MT. POI

Posted on: June 1, 2003


Top-down: Rok Sisernik (with Matjaz Jeran pulling belay duty) getting into the “Double Trouble” pitch (5.12d/5.13a) on Mt. Poi, Kenya. The team established the 600-meter route on rappel, chipping holds to make the route go free. [Photo] Stanko Gruden

Luka Fonda (expedition leader), Rok Sisernik (free climber), Stanko Gruden (photographer) and I (leader of the free-climbing team) wanted to make the first repetition of True At First Light (VI 5.13b, 21 pitches, Bechtel-Milton-Piana-Skinner, 1999) on Kenya's Mt. Poi (2050m), then establish an even harder Slovenian route. Goran Koren wanted to paraglide off the summit. With the addition of guides Saba Douglas-Hamilton and Daniela Blettler (both Kenyan), our team grew by two.

In December 2002, at the end of a bumpy, two-day, 800-kilometer, four-wheeldrive bus ride north from Nairobi, we found the object of our dreams: Poi, a five and a half kilometer-wide and up to 700-meter-high wall of gneiss pocked by huge caves. There were already three routes established on the north and east faces: the above-mentioned American route, the Wielochowski Route (5.9+ A1, early 1980s) and the British route, Dark Safari (VI E6, 17 pitches, Barry-Littlejohn-Rowe-Sustad, 2000). (For a photo of the east face and its routes, see page 35 -Ed.)

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Daniela and a native guide, Kibiriti, helped us make contact with the Samburu tribal people living in the area. They became our porters and water suppliers, and we started work on our projects, spending several days studying the wall.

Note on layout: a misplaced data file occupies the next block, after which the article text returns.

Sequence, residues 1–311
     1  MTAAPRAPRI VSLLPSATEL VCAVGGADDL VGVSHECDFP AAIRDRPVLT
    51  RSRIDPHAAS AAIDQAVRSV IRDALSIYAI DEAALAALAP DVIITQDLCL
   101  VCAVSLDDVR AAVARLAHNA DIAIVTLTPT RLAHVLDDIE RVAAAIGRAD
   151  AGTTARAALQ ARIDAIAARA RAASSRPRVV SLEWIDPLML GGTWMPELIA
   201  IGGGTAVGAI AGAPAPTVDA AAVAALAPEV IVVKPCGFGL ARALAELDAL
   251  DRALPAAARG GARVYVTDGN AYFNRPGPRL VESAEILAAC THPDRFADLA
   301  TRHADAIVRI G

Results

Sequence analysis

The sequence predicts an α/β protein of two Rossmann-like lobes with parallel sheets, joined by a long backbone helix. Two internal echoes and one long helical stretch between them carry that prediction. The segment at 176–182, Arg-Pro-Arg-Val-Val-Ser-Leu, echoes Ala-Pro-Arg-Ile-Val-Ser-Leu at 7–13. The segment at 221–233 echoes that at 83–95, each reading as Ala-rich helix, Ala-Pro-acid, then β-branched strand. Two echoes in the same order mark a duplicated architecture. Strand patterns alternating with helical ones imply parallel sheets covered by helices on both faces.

Rok and I made a quick free ascent of the American route. I managed to onsight all the pitches except the final 5.13b pitch. Several days later we rappelled in from the top and free climbed the last pitch. We found the route quite overgraded. In French grades, the first 5.13b pitch would be 7b+ (5.12c) and the second 5.13b pitch would be 7c (5.12d).

Meanwhile, Stanko and Luka established fixed ropes from the top down on our proposed route. We bolted our route as there were no crack systems or other features for the use of pitons. Besides, it would be a crazy idea to climb it ground up with technical gear...

On January 1, 2003, after twenty-five days establishing the route, we began our free-climbing ascent. We descended from the top on January 6, having spent five nights sleeping in portaledges. Stanko and Luka supplied us with water, food and cigarettes via the fixed ropes.

On our route, Story About Dancing Dogs (VI 5.13a, 600m), I free climbed all the pitches, while Rok freed all but the first 5.13a pitch. Goran flew from the summit on January 1. We all felt very good despite chipping three or four artificial holds. The flakes that were there broke off when we grabbed them; there was no other way to free climb it.

With the Samburu we made more than working contacts. We lived, danced and discovered the divine surroundings together. We survived cobras, tarantulas and pirates. One day we will return for a cup of chai. Supa!

— Matjaz Jeran, Slovenia

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